Genetic disorders associated with cancer predisposition and genomic instability.
Vessey CJ., Norbury CJ., Hickson ID.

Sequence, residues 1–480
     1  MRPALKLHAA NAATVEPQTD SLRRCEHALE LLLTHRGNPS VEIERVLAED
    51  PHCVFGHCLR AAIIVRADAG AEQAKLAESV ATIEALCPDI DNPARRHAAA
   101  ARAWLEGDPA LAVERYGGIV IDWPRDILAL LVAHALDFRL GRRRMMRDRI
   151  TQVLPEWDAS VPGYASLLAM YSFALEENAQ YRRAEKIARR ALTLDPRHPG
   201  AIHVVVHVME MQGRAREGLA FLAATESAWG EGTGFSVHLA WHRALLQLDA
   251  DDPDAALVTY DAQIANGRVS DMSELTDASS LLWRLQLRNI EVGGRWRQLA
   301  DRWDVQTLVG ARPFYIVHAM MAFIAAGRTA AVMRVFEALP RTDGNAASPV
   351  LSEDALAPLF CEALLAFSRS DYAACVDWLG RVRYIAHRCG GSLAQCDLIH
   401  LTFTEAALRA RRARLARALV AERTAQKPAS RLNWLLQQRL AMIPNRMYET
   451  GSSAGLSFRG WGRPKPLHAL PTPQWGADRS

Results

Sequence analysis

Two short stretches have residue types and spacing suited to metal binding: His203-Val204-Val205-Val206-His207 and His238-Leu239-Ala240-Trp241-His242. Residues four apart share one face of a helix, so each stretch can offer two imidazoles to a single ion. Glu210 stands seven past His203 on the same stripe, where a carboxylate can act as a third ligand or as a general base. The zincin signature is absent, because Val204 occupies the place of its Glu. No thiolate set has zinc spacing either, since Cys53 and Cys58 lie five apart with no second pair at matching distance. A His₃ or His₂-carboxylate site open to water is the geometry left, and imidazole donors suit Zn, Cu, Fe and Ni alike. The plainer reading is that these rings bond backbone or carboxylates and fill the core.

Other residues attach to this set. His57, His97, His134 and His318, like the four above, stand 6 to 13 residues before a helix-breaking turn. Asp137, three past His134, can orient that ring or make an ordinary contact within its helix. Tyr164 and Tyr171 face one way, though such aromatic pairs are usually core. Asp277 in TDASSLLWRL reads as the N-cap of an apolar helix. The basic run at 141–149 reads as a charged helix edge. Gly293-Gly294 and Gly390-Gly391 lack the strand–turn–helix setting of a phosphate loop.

Genomic instability in its broadest sense is a feature of virtually all neoplastic cells. In addition to the mutations and/or gene amplifications that appear to be a prerequisite for the acquisition of a neoplastic phenotype, human cancers exhibit other "markers" of genomic instability--in particular, a high degree of aneuploidy. Indeed, many studies have shown that aneuploidy is an almost invariant feature of cancer cells, and it has been argued by some that the emergence of aneuploid cells is a necessary step during tumorigenesis. The functional link between genomic instability and cancer is strengthened by the existence of several "genetic instability" disorders of humans that are associated with a moderate to severe increase in the incidence of cancers. These disorders include ataxia telangiectasia, Bloom's syndrome, Fanconi anemia, xeroderma pigmentosum, and Nijmegen breakage syndrome, all of which are very rare and are inherited in a recessive manner. Analysis of the cells from such cancer-prone individuals is clearly a potentially fruitful approach for delineating the genetic basis for instability in the genome. It is assumed that by identifying the underlying cause of genetic instability in these disorders, one can derive valuable information not only about the basis of particular genetic diseases, but also about the underlying causes of genomic instability in sporadic cancers in the general population. In this article, we review the clinical and cellular properties of genetic instability disorders associated with cancer predisposition. In particular, we focus on the rapid advances made in our understanding of these disorders that have derived from the cloning of the genes mutated in each case. Because in many instances the affected genes have analogs in lower eukaryotic species, we shall discuss how studies in yeasts in particular have proved valuable in our understanding of human diseases and predisposition to cancer.